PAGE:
In commemoration of African American History Month, the United States Diplomacy Center presented a program on the bicentennial of Frederick Douglass’s birth highlighting the diplomatic careers of Ebenezer Bassett and Douglass. Both men were appointed as Ministers to Haiti in the late 19th century. Bassett, appointed by President Grant, was the United States’ first African American diplomat, serving from 1869-1877. Douglass, a well-known abolitionist, writer, activist, and civil servant, was appointed by President Harrison, and served from 1889-1891.
During this special event, I had the honor of having a discussion with Bassett biographer and career Foreign Service Officer Christopher Teal, and Curator at the Frederick Douglass National Historic Site, U.S. National Park Service, Dr. Ka’mal McClarin. Teal related how Bassett arrived in Haiti in the midst of a civil war, demonstrating extraordinary leadership and diplomatic skills as hundreds of refugees took shelter in his compound.
Showing portions of his upcoming documentary, Teal showed how Bassett negotiated the refugees’ safe passage to their homes in Port au Prince, establishing him as an early advocate for international human rights. I presented on Douglass’s diplomatic efforts to secure a lease for a coaling station from the Haitian government, and Dr. McClarin presented several artifacts belonging to Douglass and his time in the Caribbean: a Panama hat, a farewell Bible given to him by the congregation of DC’s Metropolitan AME Church, his commission, and passport.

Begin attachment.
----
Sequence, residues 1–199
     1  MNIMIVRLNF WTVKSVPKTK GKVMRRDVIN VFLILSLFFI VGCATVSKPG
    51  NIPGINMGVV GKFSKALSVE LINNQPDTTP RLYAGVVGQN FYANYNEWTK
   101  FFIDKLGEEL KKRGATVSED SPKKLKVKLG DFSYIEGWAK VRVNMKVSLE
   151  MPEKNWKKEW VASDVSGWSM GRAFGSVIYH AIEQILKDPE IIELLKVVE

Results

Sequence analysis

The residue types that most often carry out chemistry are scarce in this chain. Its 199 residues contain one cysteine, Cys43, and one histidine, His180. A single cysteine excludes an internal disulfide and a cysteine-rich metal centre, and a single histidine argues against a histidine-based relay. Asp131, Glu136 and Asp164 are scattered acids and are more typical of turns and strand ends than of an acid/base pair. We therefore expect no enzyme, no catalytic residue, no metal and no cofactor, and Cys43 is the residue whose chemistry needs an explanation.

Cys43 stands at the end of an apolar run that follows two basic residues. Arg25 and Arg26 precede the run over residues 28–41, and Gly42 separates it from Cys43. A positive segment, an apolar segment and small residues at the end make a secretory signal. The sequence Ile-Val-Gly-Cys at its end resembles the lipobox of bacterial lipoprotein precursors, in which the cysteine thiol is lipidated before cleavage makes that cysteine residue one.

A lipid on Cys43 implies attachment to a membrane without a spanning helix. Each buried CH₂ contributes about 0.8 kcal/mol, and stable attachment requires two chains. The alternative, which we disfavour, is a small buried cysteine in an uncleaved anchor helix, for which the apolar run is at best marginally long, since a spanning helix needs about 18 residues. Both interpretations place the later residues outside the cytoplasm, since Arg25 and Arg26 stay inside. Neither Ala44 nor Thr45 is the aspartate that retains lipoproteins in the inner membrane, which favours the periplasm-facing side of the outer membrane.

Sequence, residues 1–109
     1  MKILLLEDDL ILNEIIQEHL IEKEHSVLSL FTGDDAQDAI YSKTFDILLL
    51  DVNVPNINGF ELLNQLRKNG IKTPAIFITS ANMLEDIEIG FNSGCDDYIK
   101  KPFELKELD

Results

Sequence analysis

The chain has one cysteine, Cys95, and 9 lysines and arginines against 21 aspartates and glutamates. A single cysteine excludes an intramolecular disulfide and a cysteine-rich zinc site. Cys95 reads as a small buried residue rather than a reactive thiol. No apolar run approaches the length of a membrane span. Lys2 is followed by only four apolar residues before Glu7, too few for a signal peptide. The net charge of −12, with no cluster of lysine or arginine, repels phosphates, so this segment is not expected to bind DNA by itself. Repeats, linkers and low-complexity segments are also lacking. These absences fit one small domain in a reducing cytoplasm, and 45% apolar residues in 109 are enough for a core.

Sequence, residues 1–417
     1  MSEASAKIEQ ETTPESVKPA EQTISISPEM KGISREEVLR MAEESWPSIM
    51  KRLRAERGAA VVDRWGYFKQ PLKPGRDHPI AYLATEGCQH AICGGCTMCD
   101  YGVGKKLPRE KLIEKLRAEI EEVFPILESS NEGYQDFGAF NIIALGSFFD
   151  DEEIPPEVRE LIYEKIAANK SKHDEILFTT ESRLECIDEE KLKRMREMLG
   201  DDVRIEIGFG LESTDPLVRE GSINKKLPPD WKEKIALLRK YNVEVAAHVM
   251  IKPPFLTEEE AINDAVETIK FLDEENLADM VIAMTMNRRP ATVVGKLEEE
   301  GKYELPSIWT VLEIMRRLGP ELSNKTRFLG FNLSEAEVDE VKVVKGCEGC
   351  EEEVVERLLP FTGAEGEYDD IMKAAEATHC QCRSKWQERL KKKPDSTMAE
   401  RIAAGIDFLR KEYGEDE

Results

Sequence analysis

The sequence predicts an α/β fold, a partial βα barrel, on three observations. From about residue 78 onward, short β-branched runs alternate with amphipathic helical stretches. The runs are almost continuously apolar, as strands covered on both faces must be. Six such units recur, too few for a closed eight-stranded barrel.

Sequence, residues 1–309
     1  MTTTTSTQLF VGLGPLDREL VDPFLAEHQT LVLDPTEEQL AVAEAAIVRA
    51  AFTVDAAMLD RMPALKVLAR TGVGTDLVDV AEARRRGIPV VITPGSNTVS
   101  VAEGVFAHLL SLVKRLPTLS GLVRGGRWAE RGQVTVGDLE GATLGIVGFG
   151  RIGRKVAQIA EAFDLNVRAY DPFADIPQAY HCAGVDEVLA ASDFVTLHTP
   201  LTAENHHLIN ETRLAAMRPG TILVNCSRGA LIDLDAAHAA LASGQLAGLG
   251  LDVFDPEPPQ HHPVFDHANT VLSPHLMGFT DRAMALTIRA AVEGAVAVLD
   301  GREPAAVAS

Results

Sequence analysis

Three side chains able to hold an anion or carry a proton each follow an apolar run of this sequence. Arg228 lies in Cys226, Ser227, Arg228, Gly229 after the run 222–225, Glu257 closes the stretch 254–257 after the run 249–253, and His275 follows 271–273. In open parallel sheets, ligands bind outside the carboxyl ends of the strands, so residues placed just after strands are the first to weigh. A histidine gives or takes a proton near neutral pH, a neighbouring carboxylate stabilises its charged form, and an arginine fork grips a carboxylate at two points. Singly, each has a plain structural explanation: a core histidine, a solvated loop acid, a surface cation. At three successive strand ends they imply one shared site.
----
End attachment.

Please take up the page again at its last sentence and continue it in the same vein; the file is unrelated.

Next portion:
My fellow panelists and I addressed an audience of retired ambassadors, students, educators, Smithsonian staff, Department of State staff, and DC area residents. Bassett scholars from Connecticut and a descendant of Bassett’s were also in attendance.
About the Author: Dr. Alison Mann serves as Public Historian at the U.S. Diplomacy Center at the U.S. Department of State.
Editor's Note: This entry also appears in the U.S. Department of State's publication on Medium.com.